Apart from the obvious interest of the market day, what I enjoyed most in my visit to Chajul was the simple, quiet pleasure of wandering around this lightly visited village, without a map or really much idea of what I might find. I had boarded a microbus in Nebaj at 7:45 am for the 45 minute rides to Chajul, and had spent the morning exploring the biweekly market. Now it was time to see more of the village.
The main street entering the village is of concrete and in good repair. There is a reason for this, and it is not a happy one. During the Civil War in Guatemala, the army completely occupied this town. The road was built to support the army infrastructure.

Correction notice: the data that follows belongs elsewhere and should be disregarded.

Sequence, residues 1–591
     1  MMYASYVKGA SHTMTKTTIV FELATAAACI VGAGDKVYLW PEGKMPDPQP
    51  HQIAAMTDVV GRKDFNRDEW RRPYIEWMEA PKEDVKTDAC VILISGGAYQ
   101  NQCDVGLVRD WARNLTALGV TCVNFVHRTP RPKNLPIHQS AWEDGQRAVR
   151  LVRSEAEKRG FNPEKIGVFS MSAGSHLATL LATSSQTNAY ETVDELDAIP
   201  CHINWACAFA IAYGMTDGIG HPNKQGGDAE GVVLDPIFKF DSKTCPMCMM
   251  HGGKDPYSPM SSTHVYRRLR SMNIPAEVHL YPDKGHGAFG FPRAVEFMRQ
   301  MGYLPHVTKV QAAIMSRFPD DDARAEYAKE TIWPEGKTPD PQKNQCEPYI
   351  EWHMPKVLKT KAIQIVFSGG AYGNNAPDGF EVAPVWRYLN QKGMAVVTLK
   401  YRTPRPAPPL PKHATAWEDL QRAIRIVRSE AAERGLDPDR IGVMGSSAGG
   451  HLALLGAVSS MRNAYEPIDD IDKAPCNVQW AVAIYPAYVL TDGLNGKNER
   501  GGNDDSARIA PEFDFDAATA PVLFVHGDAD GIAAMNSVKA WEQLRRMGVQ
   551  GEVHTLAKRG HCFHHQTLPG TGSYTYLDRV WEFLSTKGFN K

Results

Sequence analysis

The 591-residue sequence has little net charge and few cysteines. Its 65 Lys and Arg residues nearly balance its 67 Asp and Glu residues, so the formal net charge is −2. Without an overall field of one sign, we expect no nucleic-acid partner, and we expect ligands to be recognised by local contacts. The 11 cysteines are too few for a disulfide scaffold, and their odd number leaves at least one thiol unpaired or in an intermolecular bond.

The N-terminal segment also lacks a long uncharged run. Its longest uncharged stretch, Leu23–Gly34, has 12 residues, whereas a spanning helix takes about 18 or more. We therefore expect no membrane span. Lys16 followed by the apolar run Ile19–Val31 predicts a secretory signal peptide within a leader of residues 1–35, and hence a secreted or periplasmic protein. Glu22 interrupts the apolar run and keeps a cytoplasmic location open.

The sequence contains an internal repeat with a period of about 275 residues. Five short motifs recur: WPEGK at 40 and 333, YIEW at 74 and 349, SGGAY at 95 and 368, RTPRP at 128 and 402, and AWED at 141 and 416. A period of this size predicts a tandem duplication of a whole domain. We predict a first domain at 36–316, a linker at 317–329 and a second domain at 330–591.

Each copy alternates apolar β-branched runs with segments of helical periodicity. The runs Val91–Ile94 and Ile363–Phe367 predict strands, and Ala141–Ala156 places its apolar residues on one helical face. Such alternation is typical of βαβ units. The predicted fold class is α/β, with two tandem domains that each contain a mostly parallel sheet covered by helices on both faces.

Where the paving was asphalt, the surface was typically badly cracked.
In the more central residential areas, streets were either cobbled or paved with small cement blocks, no doubt another remnant of the military presence here in the 1980s and 90s.
Away from the central areas, the streets grow more rough.
As the road climbs up into the surrounding hills it grows more narrow and rugged. Clean stream water is captured in a cement holding pond. Below are village women using the outflow to wash clothing.
Laundry is put out to dry on fences and gates
and on roofs
After exploring to the edge of the main village on the roads that climbed into hills to the north, I returned toward the main road. My goal was to reach the village cemetery.